The U.S. Customs and Border Protection (CBP) provides the following advice: If the departure was by a commercial airline or cruise ship, the departure from the U.S. can be independently verified, and no further action is necessary. (Nevertheless, holding on to and presenting, if necessary, the outbound boarding pass can help expedite reentry in the U.S.) If, however, the departure was by land, private vessel, or private plane, the individual should take steps to correct the record. CBP further cautions that under the Visa Waiver Program (VWP), visitors who remain beyond their permitted stay in the U.S. cannot reenter the U.S. in the future without obtaining a visa from a U.S. consulate. (VWP travelers who enter Canada or Mexico by land for an onward flight should, in particular, register their timely departure if their green I-94W was not taken when they exited the U.S, which often is the case.)

For those who fail to turn in their I-94 Departure Record, send the I-94 along with any documentation that proves the departure from U.S. to: DHS-CBP SBU, 1084 South Laurel Road, London, KY 40744. Do not mail to a U.S. Consulate or Embassy. CBP will consider a variety of information that proves departure from the U.S., including original boarding passes, entry stamps to another country, subsequent paystubs from abroad, bank deposit records showing transactions abroad, school records from abroad, credit card receipts showing purchases made abroad, etc. The Kentucky office above does not answer correspondence, so such individuals are advised to keep copies of documentation submitted to correct their record.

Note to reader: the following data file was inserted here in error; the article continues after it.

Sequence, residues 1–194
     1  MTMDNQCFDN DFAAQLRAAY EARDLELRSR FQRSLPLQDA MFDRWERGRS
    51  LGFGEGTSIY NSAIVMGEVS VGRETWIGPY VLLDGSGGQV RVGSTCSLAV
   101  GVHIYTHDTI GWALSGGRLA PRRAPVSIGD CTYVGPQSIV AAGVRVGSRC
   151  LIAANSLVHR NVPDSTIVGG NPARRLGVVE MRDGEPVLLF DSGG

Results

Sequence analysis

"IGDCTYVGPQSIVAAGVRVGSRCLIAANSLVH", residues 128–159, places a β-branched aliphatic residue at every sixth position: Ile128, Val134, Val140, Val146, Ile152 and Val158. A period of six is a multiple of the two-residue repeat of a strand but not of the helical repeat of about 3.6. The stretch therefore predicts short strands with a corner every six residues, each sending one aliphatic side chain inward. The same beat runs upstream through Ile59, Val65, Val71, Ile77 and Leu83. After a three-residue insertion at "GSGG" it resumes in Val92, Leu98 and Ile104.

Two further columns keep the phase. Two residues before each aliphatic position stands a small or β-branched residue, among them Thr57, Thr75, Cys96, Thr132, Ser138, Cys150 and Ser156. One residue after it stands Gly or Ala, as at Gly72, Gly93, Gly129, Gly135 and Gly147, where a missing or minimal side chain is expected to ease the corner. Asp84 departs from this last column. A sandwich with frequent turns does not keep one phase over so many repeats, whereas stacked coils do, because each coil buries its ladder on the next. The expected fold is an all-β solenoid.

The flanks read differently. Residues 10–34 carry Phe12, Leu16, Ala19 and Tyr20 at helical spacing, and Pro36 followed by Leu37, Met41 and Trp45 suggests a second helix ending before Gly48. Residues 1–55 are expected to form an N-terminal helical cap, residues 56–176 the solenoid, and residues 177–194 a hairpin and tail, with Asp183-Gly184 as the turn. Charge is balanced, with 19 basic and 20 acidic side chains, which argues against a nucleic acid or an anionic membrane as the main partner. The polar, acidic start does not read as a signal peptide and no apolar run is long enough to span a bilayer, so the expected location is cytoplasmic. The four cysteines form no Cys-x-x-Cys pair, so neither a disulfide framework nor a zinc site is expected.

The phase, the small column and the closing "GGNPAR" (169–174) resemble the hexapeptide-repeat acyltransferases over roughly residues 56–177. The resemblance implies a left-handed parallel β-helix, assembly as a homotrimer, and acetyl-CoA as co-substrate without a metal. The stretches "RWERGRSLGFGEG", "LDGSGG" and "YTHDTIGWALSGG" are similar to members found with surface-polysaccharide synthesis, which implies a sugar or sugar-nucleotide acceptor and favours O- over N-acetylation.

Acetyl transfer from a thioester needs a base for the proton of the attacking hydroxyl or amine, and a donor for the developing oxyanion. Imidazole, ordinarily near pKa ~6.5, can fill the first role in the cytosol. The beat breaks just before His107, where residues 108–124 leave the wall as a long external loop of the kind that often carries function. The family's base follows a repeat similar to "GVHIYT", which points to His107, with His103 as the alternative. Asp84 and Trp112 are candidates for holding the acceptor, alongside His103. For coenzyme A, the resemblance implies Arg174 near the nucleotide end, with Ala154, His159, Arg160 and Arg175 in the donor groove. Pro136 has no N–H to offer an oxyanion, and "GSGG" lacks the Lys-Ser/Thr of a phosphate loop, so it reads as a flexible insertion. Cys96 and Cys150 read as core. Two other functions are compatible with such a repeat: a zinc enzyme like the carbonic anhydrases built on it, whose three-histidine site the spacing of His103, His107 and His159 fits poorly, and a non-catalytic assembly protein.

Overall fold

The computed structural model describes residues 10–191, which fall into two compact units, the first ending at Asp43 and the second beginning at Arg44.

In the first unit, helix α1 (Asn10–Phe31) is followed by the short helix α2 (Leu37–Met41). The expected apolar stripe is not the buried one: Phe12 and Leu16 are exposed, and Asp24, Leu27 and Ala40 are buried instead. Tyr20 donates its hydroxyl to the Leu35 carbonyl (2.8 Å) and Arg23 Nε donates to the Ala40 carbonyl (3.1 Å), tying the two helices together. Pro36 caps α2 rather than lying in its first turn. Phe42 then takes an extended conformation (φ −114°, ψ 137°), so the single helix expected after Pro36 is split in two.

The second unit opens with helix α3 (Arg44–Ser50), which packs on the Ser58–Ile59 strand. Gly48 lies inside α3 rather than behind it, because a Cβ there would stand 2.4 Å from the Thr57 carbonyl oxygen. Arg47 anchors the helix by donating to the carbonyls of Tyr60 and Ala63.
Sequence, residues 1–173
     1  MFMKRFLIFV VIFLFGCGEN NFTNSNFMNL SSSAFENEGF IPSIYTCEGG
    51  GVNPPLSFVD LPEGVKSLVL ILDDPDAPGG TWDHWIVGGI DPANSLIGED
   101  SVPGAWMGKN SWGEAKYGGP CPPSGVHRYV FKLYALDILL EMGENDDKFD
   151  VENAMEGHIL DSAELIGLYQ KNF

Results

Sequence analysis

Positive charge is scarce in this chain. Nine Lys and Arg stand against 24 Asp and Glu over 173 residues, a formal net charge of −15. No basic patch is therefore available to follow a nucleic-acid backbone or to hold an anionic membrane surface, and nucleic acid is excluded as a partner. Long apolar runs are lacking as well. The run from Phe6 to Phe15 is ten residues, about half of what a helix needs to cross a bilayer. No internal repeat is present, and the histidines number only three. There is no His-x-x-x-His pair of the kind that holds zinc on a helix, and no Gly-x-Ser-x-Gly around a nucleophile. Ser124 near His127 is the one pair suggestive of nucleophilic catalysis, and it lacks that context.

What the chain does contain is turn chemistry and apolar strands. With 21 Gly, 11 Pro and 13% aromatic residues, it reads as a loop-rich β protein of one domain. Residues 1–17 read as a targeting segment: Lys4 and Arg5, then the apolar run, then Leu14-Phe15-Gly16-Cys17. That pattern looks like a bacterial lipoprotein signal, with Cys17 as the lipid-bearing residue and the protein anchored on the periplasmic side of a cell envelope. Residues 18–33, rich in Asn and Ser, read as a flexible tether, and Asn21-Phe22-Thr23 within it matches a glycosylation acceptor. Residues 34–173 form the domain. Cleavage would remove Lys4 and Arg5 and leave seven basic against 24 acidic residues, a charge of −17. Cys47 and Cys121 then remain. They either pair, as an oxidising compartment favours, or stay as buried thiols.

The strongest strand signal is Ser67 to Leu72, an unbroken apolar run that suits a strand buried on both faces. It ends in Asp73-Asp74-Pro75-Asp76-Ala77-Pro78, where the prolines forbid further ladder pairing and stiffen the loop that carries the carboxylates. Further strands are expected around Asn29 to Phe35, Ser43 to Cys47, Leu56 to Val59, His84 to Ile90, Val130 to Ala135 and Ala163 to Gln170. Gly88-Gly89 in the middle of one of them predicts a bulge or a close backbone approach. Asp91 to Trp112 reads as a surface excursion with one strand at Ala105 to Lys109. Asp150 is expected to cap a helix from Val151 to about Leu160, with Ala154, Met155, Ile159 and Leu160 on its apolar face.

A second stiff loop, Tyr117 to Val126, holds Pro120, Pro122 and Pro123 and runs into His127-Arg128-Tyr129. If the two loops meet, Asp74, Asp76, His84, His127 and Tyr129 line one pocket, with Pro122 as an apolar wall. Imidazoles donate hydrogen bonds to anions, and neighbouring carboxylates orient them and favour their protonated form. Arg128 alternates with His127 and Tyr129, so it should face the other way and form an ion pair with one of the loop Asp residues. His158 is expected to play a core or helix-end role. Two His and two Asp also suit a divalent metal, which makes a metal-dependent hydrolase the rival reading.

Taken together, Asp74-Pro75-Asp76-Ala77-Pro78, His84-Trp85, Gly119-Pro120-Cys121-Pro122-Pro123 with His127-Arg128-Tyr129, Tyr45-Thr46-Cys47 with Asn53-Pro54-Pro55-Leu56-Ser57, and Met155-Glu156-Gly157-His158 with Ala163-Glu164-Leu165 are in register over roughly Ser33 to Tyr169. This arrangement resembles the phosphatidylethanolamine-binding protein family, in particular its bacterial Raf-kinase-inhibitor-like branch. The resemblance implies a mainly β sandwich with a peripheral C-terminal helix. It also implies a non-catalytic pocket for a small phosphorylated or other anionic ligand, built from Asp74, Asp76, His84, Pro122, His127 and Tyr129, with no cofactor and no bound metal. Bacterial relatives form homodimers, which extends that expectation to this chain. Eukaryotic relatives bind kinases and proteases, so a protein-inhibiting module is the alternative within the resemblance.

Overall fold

Immigration Fee Increases: New Fees Now in Effect for Nonimmigrant Visas; USCIS Proposal to Increases Fees Under Consideration

Friday, July 2nd, 2010

Effective June 4, nonimmigrant visa and border crossing card application processing fees are now $140 for most non-petition-based nonimmigrant visas (machine-readable visas or MRVs) and $14 for Border Crossing Cards (BCCs). The Department of State also established a new, higher fee for certain categories of petition-based nonimmigrant visas and treaty trader and investor visas (all of which are also MRVs):  H, L, O, P, Q, and R nonimmigrant visa fees are now $150; E visas, $390; and K visas, $350.

In early June, U.S. Citizenship and Immigration Services (USCIS) announced its plans to increase fees that will amount to an average increase of about 10% across the board, citing lower than projected fee revenues for 2010-2011. USCIS issued its formal proposal on June 11 with a 45-day period during which the public can comment.

While most of the proposed fee increases for individual petitions and application are not shocking in and of themselves, when combined with the 66% fee increase that was implemented just three years ago, the fee increase constitutes a hefty hit for a variety of immigration service users. Here are some examples of the proposed fees:  an I-130 petition for an alien relative will increase from $355 to $420; an I-140 petition for an immigrant worker will increase from $475 to $580, and an I-485 application to adjust status will increase to $1,070 (with biometrics). A significant increase is proposed for premium processing, currently $1,000; it will cost, if adopted, $1,225. Fees for administrative appeals will increase $45, from $585 to $630.

When announcing the proposals, USCIS Director Alejandro Mayorkas stated that USCIS is closely reviewing the adjudicatory process to improve consistency and quality, but immigration practitioners and their clients are not holding their breath.  In recent years, the quality of USCIS decision-making and the agency’s ability to correct even minor errors or address fundamental, systemic problems are at an all time low.  As one colleague remarked, “USCIS is going to have to dig deep, confront some difficult structural issues, and implement some massive, culture-changing fixes if the agency wants its products and services to be worthy of their new price tag.”  We can’t agree more.